Wednesday, November 16, 2011
One of the most interesting aspects of my job as a part-time middle school teacher is that I can observe [mostly] “normal” teenage behaviors. Often I compare and contrast how my students act with how Alex does to note how autism has impacted his behavior. The apparent need for teenagers to travel with accessories is something I have noticed in my seventh grade students as well as in Alex, so this must be a characteristic of teenagers in general. While my students frequently carry electronic devices, such as cell phones and iPods (although they may not display them openly during class since school rules prohibit their use during class time), Alex carries around different accessories that reveal his interests and needs.
Before and after school, students often use their cell phones to text, e-mail, and call their friends and parents. Because we cannot trust Alex to use a cell phone wisely, he—unlike most teenagers—doesn’t have one. I’m not sure who he’d call or text anyway, other than maybe 911, and we don’t need the police showing up on our doorstep to answer Alex’s false alarms. Besides, communicating verbally with others doesn’t rank highly on Alex’s list of priorities, anyway. Instead of a cell phone, Alex prefers to carry an electronic dictionary, perhaps so that he can look up the meanings of words he wants to know. In addition, he often carries around the more traditional dictionaries, in the form of books, but he likes the convenience of the compact electronic version.
Another accessory middle school girls carry is lip gloss, which they sometime surreptitiously apply during class. A few months ago, Alex went through a phase where he carried around lip balm. He only applied the lip balm before he went to sleep, but he liked to carry not one but two tubes of Blistik with him—one regular type and one mint flavored. If he couldn’t find his, he’d take mine. Before he went to bed, he had to make sure that he put the lip balm on his dresser. At some point, his fascination with lip balm ceased, and now I occasionally find tubes that he’s left behind in various places.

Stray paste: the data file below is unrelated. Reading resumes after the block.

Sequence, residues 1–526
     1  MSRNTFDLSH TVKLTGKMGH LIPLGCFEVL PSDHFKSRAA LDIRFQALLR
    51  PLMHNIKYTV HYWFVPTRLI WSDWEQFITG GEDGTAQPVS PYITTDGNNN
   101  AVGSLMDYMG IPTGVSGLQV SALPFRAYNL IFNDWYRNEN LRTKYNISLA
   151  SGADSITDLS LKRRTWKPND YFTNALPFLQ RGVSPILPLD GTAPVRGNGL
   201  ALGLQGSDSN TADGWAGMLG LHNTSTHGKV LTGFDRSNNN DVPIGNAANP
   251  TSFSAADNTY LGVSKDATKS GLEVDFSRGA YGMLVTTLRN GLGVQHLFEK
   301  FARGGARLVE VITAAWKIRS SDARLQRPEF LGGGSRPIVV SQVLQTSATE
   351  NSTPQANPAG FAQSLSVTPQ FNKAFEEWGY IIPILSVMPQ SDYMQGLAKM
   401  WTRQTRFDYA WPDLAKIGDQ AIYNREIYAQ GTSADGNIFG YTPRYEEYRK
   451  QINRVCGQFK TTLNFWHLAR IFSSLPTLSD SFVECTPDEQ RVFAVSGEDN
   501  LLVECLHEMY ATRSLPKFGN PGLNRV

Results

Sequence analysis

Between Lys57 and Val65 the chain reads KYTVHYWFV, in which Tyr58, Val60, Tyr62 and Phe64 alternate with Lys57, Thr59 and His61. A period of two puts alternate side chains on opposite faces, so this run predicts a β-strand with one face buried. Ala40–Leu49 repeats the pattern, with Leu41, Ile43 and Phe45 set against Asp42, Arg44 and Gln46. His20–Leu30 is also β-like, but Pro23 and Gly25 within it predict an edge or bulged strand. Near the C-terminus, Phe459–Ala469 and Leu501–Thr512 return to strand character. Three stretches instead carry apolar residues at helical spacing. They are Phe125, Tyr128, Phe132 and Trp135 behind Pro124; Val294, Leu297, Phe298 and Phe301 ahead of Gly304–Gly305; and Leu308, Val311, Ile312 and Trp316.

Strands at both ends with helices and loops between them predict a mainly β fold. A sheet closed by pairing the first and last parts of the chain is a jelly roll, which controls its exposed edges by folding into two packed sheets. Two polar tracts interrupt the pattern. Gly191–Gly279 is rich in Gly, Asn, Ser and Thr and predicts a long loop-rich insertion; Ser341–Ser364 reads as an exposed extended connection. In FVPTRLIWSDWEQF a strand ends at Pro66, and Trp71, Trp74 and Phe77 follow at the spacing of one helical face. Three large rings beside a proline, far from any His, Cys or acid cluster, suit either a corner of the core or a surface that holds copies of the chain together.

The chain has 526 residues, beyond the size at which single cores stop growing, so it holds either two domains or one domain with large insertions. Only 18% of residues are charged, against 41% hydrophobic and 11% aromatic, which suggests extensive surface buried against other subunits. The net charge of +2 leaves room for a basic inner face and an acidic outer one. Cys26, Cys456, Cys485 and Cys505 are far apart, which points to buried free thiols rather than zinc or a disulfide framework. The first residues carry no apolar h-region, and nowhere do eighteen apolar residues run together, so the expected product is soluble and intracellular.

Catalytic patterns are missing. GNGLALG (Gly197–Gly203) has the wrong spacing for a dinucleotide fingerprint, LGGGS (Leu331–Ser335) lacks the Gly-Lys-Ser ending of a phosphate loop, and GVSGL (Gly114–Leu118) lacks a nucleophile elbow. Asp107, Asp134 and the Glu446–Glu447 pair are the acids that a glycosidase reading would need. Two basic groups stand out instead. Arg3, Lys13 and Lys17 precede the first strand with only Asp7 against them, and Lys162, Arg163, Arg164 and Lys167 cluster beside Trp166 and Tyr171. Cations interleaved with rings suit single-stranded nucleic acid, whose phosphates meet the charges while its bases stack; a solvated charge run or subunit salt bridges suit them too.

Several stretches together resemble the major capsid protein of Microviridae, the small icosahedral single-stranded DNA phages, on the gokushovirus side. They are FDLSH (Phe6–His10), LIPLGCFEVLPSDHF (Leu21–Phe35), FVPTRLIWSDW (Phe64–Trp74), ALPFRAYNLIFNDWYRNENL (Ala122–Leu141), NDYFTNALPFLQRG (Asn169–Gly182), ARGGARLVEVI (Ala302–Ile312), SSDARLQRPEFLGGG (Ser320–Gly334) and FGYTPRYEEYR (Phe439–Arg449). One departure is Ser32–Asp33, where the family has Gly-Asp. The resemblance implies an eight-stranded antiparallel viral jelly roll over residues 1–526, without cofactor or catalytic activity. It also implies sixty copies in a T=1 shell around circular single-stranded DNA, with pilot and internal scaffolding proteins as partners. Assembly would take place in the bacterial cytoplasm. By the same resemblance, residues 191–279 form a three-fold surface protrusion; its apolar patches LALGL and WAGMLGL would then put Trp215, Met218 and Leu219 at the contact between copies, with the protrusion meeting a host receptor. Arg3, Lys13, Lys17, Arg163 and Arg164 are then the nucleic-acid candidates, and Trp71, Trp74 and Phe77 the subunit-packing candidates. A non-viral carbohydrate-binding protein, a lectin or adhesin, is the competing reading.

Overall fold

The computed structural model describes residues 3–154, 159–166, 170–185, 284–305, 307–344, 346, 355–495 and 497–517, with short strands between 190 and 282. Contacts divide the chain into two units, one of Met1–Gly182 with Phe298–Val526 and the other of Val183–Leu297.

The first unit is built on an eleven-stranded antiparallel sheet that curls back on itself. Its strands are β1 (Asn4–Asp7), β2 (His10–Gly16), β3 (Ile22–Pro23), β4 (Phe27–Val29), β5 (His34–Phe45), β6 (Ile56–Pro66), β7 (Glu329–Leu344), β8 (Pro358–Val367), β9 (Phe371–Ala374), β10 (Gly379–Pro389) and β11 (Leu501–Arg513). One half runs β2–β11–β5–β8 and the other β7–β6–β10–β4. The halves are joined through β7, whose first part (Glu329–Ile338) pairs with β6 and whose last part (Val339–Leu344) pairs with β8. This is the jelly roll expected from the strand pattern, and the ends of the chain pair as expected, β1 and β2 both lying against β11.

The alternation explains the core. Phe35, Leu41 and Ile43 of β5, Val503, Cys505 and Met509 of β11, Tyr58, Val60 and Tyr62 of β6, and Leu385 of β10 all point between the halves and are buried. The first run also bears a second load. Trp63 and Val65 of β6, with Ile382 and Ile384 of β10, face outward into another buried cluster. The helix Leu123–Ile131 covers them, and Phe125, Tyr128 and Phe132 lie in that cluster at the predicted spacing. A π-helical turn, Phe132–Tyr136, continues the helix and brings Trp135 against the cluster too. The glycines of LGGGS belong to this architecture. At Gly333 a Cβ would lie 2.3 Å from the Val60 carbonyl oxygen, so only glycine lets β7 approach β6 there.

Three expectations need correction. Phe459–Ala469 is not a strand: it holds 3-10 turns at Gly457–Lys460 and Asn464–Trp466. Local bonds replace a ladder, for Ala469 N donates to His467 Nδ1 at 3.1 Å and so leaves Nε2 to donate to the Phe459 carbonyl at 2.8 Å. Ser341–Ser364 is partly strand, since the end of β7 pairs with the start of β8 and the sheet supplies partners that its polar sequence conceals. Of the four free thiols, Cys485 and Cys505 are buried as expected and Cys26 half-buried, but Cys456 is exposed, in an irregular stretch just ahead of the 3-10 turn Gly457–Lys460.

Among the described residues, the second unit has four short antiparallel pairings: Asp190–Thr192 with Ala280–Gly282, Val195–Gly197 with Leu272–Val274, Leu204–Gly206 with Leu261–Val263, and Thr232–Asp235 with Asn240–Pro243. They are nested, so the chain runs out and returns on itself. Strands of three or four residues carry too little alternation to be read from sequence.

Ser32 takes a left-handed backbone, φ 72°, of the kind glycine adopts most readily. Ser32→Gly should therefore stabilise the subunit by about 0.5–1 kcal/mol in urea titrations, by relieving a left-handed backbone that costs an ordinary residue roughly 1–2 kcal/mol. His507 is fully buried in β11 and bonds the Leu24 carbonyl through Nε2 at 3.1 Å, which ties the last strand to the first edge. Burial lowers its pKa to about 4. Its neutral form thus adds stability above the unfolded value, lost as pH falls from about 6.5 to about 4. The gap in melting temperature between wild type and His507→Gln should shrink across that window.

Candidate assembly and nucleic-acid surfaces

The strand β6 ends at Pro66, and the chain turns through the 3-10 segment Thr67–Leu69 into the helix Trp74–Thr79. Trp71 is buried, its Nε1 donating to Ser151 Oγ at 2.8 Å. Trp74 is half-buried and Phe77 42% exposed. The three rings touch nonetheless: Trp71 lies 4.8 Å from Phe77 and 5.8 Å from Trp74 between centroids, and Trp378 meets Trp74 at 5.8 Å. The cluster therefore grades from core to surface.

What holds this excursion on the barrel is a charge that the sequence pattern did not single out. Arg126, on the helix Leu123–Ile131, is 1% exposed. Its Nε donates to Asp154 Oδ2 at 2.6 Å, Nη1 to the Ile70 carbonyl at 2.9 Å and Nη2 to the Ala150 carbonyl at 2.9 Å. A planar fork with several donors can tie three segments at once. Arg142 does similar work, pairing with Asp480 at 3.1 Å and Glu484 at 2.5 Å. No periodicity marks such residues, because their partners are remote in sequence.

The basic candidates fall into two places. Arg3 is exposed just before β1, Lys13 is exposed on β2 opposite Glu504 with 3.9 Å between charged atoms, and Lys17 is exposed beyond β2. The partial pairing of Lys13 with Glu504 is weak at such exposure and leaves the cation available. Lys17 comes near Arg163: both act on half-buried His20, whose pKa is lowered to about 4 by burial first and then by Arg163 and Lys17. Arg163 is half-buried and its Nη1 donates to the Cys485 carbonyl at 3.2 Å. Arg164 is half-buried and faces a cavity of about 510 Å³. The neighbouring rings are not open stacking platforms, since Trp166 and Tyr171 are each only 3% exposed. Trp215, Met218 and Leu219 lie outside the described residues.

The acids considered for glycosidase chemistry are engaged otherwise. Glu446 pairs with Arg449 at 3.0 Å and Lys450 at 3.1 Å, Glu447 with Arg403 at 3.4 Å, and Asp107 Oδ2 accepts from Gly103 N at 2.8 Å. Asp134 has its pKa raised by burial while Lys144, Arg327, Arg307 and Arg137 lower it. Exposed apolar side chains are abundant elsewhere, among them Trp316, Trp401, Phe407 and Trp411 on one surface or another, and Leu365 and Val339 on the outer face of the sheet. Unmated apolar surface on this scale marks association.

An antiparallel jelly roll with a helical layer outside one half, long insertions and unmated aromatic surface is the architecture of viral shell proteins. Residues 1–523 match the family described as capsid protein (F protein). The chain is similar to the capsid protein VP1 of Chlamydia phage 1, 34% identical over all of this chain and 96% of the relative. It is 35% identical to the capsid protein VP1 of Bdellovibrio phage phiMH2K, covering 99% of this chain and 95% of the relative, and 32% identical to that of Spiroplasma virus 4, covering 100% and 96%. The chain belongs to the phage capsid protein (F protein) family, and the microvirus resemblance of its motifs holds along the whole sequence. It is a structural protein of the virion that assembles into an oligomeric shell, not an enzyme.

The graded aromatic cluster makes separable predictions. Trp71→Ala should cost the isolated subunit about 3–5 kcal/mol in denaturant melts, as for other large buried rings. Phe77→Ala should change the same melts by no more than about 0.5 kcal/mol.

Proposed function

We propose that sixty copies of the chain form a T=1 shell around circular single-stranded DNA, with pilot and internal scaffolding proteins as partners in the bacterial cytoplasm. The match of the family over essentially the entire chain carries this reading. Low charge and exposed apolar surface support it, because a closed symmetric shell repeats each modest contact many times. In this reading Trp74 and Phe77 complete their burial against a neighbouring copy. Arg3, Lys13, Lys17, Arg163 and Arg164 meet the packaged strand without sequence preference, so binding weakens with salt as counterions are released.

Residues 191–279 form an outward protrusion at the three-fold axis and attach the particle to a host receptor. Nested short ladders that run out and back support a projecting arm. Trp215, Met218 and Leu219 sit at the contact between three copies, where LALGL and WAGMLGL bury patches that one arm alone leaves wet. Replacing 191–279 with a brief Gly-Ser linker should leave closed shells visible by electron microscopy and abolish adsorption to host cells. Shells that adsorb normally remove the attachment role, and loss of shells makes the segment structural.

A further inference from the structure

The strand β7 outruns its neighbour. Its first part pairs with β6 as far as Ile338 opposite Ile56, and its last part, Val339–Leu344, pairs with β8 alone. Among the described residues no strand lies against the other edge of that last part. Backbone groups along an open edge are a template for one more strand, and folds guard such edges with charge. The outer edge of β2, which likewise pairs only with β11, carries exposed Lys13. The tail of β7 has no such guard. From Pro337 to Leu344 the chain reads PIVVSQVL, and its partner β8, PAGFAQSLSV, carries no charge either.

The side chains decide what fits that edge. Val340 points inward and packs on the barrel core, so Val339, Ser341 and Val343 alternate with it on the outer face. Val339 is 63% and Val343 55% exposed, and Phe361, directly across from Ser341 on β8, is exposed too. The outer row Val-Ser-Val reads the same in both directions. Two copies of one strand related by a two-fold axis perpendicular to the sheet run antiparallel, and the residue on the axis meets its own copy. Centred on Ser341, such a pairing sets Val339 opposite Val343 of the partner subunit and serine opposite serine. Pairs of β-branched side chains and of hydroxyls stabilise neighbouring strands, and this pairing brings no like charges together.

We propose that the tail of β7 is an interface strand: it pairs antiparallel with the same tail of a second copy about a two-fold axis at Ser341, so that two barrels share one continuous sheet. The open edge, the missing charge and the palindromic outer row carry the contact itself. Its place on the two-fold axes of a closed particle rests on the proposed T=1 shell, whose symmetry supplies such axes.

Of Alex’s accessories, his favorites are his clocks. Because of his fascination with time, he rarely goes anywhere that he doesn’t carry a clock with him. Although he has several battery-operated clocks that he can move from room to room, he seems to have three that are particular favorites. One is a talking clock that announces the time, often startling me when he’s left it behind in a room where I’m sitting. Alex especially likes clocks that also have thermometers built in so that he can keep track of the temperature along with the time. The other day, taking advantage of a temperate November afternoon, Alex went outside and sat on our backyard deck, carrying, of course, his clock with a thermometer. As he happily watched the time pass before his eyes on the clock, he noted the temperature changes as the sensor sat in the sunshine. While most teenagers would prefer listening to music on their iPods, Alex enjoys watching the numbers change on his digital clock/thermometer as the temperature varies and the seconds and minutes go by. Even though Alex carries different accessories than his peers do, he seems to enjoy the same sense of security, comfort, and entertainment they provide for him that similar items do for other teenagers. Hopefully, soon he’ll prove trustworthy enough to earn the accessory most of his peers possess—the ever-present cell phone. Of course, knowing Alex, he’ll just be thrilled that he can use it to find the time and temperature; he doesn’t need much to make him happy.
"Those who use the things of the world should not become attached to them. For this world as we know it will soon pass away." I Corinthians 7:31